10. NC State – B-
A cynical viewer could look at NC State’s class and draw the conclusion that the Wolfpack’s coaches didn’t hit any home runs this cycle. In a way, that’s true. However, Dave Doeren and his assistants succeeded in addressing the team’s No. 1 need: the defensive line. Most notably, the Pack locked up Charlotte, N.C., defensive tackle Grant Gibson — one of the top prospects in the state — early in the process. Despite losing defensive end Deslin Alexandre (Pitt) and linebacker Nick Smith (Florida) late in the game, NCSU landed a quality player in offensive lineman Joshua Fedd-Jackson in mid-January on the way to wrapping up a respectable class.
11. Virginia – C+
Top-30 classes aren’t unheard of at Virginia, but over the last few years, the Cavaliers have had their fair share of struggles on the recruiting trail. This, too, was a year in which the Wahoos inked a class that isn’t blowing anyone away. Sure, there are some decent pieces — defensive back Germane Crowell has a shot at getting on the field early — but there’s no Quin Blanding or Taquan Mizzell among the team’s 2017 signees. Without much high-end talent, UVA’s staff will have to lean heavily on player development.
12. Syracuse – C+
Located in the Northeast with little national success to show for in the last quarter century, Syracuse has to get creative with its recruiting. Second-year head coach Dino Babers pitches both his hurry-up offense and the opportunity to play in the Carrier Dome as benefits of joining the Orange. After scrambling to rebuild almost the entire 2016 class in two months last recruiting cycle, the staff wasn’t at such a disadvantage this time around. Three-star quarterback Tommy DeVito headlines the class, but the Orange are still behind most of the ACC in terms of talent. On the plus side, there is a lot of speed in this group.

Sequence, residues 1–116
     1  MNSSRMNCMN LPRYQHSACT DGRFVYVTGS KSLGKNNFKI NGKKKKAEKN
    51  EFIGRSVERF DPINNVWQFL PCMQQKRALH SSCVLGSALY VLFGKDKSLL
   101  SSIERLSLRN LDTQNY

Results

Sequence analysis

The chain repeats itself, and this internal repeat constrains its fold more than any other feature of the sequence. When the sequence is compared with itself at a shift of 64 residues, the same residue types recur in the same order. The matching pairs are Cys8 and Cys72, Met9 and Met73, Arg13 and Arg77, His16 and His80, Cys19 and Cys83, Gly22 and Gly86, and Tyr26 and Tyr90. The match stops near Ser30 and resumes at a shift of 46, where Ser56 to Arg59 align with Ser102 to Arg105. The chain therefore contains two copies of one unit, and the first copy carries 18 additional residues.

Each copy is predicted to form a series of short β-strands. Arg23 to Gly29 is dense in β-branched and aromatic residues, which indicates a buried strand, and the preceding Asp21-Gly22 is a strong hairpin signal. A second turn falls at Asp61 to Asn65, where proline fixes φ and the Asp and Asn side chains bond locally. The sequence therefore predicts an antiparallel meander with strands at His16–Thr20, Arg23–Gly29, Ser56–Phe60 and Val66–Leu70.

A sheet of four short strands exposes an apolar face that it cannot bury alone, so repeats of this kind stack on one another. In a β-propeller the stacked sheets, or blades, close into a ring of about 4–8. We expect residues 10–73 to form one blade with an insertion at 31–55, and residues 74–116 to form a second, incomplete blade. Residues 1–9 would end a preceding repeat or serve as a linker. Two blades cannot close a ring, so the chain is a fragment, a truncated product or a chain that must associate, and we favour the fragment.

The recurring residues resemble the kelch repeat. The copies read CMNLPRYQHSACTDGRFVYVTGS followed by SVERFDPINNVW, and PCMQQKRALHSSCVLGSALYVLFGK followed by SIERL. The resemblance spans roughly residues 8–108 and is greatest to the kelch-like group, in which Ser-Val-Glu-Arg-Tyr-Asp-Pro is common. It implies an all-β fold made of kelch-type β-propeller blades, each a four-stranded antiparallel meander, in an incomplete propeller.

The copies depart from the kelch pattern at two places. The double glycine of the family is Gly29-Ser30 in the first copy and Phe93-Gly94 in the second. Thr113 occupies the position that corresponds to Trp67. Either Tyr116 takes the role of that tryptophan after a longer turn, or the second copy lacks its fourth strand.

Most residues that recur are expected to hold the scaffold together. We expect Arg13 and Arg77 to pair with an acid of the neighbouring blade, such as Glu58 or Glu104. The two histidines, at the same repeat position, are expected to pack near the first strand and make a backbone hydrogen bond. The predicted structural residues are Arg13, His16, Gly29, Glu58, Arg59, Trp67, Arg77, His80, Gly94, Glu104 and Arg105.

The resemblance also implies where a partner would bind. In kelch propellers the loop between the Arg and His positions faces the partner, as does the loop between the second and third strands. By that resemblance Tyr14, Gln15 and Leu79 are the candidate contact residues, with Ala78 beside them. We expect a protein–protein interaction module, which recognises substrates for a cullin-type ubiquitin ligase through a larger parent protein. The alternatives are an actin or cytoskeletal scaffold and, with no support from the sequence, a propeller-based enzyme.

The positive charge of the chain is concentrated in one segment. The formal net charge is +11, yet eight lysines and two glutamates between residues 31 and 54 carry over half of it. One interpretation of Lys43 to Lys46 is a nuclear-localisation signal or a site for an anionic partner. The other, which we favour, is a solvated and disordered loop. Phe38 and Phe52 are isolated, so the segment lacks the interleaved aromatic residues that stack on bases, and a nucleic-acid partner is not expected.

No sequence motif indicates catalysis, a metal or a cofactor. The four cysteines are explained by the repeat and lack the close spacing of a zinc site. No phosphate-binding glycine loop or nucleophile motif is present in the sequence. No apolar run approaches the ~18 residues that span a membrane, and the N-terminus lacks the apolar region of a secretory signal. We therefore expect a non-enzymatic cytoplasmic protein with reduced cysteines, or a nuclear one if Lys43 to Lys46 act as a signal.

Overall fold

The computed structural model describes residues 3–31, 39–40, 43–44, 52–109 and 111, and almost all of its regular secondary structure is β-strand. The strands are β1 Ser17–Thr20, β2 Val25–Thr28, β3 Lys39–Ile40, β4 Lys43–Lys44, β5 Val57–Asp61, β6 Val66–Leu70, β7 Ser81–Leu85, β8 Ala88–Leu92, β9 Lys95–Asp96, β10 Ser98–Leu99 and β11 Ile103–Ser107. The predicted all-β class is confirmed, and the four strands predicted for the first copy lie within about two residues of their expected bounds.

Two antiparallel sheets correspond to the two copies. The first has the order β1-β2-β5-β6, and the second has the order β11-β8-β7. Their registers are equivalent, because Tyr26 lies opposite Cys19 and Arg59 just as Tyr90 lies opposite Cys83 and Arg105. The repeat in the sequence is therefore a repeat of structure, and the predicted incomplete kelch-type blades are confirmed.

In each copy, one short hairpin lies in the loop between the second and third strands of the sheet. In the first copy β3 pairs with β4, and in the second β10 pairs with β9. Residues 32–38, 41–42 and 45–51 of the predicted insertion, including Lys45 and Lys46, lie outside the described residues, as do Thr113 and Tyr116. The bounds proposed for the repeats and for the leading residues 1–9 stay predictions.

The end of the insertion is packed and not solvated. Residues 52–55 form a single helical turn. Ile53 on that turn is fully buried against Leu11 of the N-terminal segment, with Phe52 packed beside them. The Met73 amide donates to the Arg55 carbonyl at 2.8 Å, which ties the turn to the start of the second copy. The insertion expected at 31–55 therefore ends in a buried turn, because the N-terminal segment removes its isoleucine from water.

13. Wake Forest – C
More often than not, Wake Forest’s recruiting classes end up ranked near the bottom of the ACC. That was the case again this year. It wasn’t all bad, though. Defensive end Michael Allen was courted by several Power 5 programs before committing to Wake. Dave Clawson and his assistants also fought off a late push by Ole Miss to hold on to linebacker Jeffery Burley. While both of those developments were positive, adding depth to the offensive line was a must this cycle. The staff got its numbers in that area, but the talent isn’t exactly overwhelming.
14. Boston College – C
Dealing with many of the same disadvantages as Wake Forest on the recruiting trail, Boston College ended up with similar results. At the top of the Eagles’ class, there is a decent amount of ACC-caliber players — running back A.J. Dillon and cornerback Brandon Sebastian come to mind. With many of the lower-rated players, however, BC’s coaches are left playing a guessing game. You don’t have to look too far back to find examples of diamonds in the rough; Justin Simmons, Andy Gallik and Mehdi Abdesmad, in particular, stand out. Steve Addazio will be hoping to find more of those types within this year’s group of signees.